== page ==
I’m about to tell you about a guy who sells darts on the Internet. But first here’s a sentence about CEO Marissa Mayer from The New York Timesstory on the Yahoo asset sale that essentially folds it into Verizon:
“Despite her acclaim, Ms. Mayer failed to resolve Yahoo’s central problem: a lack of focus.”
Ouch. That would be utterly withering, if it were, you know, true. Yahoo’s central problem had nothing to do with management focus. It had to do with the commodities market. Yahoo trafficked in a commodity called “traffic.”
And traffic isn’t worth diddly. And if you think it is, well, I’ve got an Internet I’d like to sell you.
While Microsoft (finally) built up its cloud business and Google took over the world with search, Yahoo stood pat on content. Lots and lots of content viewed by lots and lots of people creating lots and lots of ad inventory that got less and less valuable with every passing minute.
Reach is all well and good, but you’d better be damned sure you can sell it once you reach it.
The Yahoo board cashiered Terry Semel 9 years ago for failing to understand that Yahoo couldn’t create “hits” and monetize the audience, but they failed to realize that they can’t monetize the audience, period. And who can, really, in an ad-based media-business model?
Which brings me to my friend Mark Lewyn. He’s an old USA Today colleague who left journalism to be an entrepreneur, and he’s had a sort of feast and famine career doing so. He’s not Ralph Kramden, but he’s also not Sergey Brin. He has an excellent eye for value. His particular specialty is squeezing that value out of stuff that he doesn’t have to pay much to acquire: Internet error traffic, government data and so on.
His latest venture is sort of an import-export business using Amazon as most of his front and back ends. Using data readily available from Amazon itself, he identifies product categories that have relatively high velocity, relatively high margins and relatively little competition. He then contracts to have the product manufactured offshore and distributes through Amazon.com. The risk is low because he warehouses very little and achieves something close to just-in-time delivery.
And using that formula, he’s selling just a shit ton of darts, crib bumpers and glow-in-the-dark ceiling appliques. But I stray from my point: Mark is always ruminating about hidden value, and he’s always calling me to tell me about his thoughts. The other day, he caught my attention with this:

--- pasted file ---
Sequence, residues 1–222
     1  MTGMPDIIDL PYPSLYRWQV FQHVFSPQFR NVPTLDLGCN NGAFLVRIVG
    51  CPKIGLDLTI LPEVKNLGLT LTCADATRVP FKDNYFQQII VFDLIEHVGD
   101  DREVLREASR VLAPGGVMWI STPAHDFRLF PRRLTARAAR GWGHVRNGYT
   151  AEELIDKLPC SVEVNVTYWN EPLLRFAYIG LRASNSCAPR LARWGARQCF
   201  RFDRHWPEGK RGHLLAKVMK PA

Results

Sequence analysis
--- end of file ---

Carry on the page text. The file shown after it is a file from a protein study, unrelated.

“I think I may have come up with a way to monetize content.”
Oh, have you, Mark? Marissa Mayer couldn’t do that, and she’s walking away with north of $300 million.
His idea is, essentially, to put the cart in front of the horse. For 300 years, content has existed to sell eyeballs around. His thought is to find consumer bases and build content around it.
It’s not exactly a novel thought. Red Bull creates content about the adventure life, in order to stimulate its customer base of people who need to be stimulated. The New York Times sells all sorts of merchandise, from archived front pages to antique clocks. Wirecutter, the brainchild of Brian Lam, does extensive product reviews and makes its money from affiliate links (mainly to Amazon.) And, as previously reported in this space, Podcast One’s Adam Carolla makes money while he sleeps through such links, and his own line of products, from movies to wine.
Mark’s Exhibit A is actually adult coloring books, which cultivate adult colorers in order to sell them pencils, sketch pads and more coloring books. I find this to be a poor example, because a coloring book is a book like a root beer is a beer.
But what he suggests seems like something the magazine business should deeply consider. Or, at least, shallowly consider. Because if there’s anything to this concept, it can exist only in a highly vertical world. Sure, sell ads for whatever they can fetch, but sell product, too. Who should publish golf magazines? Golf retailers. Who should publish pet magazines? Pet supply retailers. Who should publish business news? Bloomberg. (Oh, wait. They’re onto this idea already. Bloomberg News is a loss leader for the data-terminal business.)
The obvious objection to this model is an ethical one. “How can we trust the editorial content of a magazine with such a direct link to the business side?” It’s an excellent question, to which I have a ready reply:
“Hahahahahahahaha! When could you ever?”